Red Dawn


It’s an ordinary September day in Calumet, Colorado. High schoolers Matt, Aardvark, Daryl, Robert, and Danny are in a history class when paratroopers start to drift down from the sky. The troops begin slaughtering teachers and students alike as Matt's brother Jed rescues them from the attack, speeding them away in his truck...

Red Dawn (1984)

Rated PG-13

Directed by John Milius    Production Company MGM Studios

Starring Patrick Swayze, Charlie Sheen, C Thomas Howell, Jennifer Grey, Lea Thompson, Powers Boothe


Summary: Eight teenagers must deal with the onset of World War III.

Opening Thoughts

This was another movie that I don’t remember seeing a “first time,” but rather was always on the TV at some point when I was growing up. (Ah, the 80s, when me and my brother could watch, at the tender ages of 8 and 10, teenagers getting shredded by machine guns and my parents didn’t bat an eyelash.) What Gen X’er, whether it be during a paintball war or a pillow fight, has not launched themselves into the fray with a guttural cry of “Wolverines!!!” Oh, and let’s just not talk about that 2012 remake.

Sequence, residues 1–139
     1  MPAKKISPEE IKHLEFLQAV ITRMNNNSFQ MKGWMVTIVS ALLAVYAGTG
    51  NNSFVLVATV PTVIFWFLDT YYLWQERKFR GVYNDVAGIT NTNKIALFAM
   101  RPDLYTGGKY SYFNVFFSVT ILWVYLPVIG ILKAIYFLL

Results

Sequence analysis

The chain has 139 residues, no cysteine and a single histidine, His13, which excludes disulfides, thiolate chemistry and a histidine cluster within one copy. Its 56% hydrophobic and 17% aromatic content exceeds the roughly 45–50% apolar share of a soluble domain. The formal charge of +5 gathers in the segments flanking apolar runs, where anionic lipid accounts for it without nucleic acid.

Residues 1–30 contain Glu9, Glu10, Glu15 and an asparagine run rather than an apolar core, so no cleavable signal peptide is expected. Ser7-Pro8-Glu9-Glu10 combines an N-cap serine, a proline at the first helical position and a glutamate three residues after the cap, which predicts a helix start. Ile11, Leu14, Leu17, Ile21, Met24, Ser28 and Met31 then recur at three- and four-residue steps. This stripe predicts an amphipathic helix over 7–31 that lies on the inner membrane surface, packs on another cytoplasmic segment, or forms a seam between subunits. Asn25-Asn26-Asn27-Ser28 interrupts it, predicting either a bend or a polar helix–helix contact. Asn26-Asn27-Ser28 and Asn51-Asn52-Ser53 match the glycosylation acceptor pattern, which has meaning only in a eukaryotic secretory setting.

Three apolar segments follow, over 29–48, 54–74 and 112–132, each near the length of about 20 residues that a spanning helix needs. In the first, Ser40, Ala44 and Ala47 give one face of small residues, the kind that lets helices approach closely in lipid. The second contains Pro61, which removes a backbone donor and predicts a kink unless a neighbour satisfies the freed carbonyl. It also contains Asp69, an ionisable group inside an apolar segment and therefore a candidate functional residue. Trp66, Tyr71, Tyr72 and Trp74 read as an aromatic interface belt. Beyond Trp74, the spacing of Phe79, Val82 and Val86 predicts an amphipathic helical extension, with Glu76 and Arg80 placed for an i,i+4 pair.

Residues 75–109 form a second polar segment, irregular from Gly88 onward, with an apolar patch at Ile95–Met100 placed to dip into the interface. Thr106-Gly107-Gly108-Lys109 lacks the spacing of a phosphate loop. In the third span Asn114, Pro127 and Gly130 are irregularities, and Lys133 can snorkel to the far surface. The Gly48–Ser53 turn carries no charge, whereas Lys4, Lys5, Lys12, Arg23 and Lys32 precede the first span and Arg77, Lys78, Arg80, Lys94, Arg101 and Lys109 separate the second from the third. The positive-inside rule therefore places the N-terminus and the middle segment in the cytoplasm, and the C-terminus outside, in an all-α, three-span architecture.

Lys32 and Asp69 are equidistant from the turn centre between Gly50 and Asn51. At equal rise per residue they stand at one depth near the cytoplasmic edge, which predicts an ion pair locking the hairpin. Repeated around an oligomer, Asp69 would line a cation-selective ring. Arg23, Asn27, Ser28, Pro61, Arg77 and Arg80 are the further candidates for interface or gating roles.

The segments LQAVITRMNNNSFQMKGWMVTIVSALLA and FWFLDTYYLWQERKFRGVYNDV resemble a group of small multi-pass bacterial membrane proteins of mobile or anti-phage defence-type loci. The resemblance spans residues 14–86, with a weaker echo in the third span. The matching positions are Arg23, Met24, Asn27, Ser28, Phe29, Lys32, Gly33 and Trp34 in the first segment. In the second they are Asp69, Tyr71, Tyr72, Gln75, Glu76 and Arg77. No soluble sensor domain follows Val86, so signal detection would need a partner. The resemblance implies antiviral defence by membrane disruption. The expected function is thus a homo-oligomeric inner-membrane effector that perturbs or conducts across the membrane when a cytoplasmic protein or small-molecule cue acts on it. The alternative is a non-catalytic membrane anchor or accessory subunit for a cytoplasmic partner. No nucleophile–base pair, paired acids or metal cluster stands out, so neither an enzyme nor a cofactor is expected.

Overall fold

Ok, ok, ok. I fully acknowledge this is a very cheesy movie. It screams 80s, it’s full of pretty people we’d see later in movies like Dirty Dancing and Back to the Future. The main thing most people seem to take away from it is “‘MURICA!” But I can’t help it, I still love it. I love the idea of the teens fighting against all odds and triumphing over a massive military campaign. It’s very David and Goliath. And I feel like it’s a must watch if you are interested in emergency preparedness at all (which you should be!) My brother and I have had many in depth “what if” conversations after watching this movie.

Oh, also, back in the day when I was a junior high youth leader, I’ll never forget one of my teens telling me how his dad MADE him watch it, “just in case, so he would know what to do”. I’m still trying to figure out if his dad was messing with him or not.

So grab a mug of whatever keeps you warm and keep reading to find out what God showed me in Red Dawn!

Spoilers For The Red Dawn Here!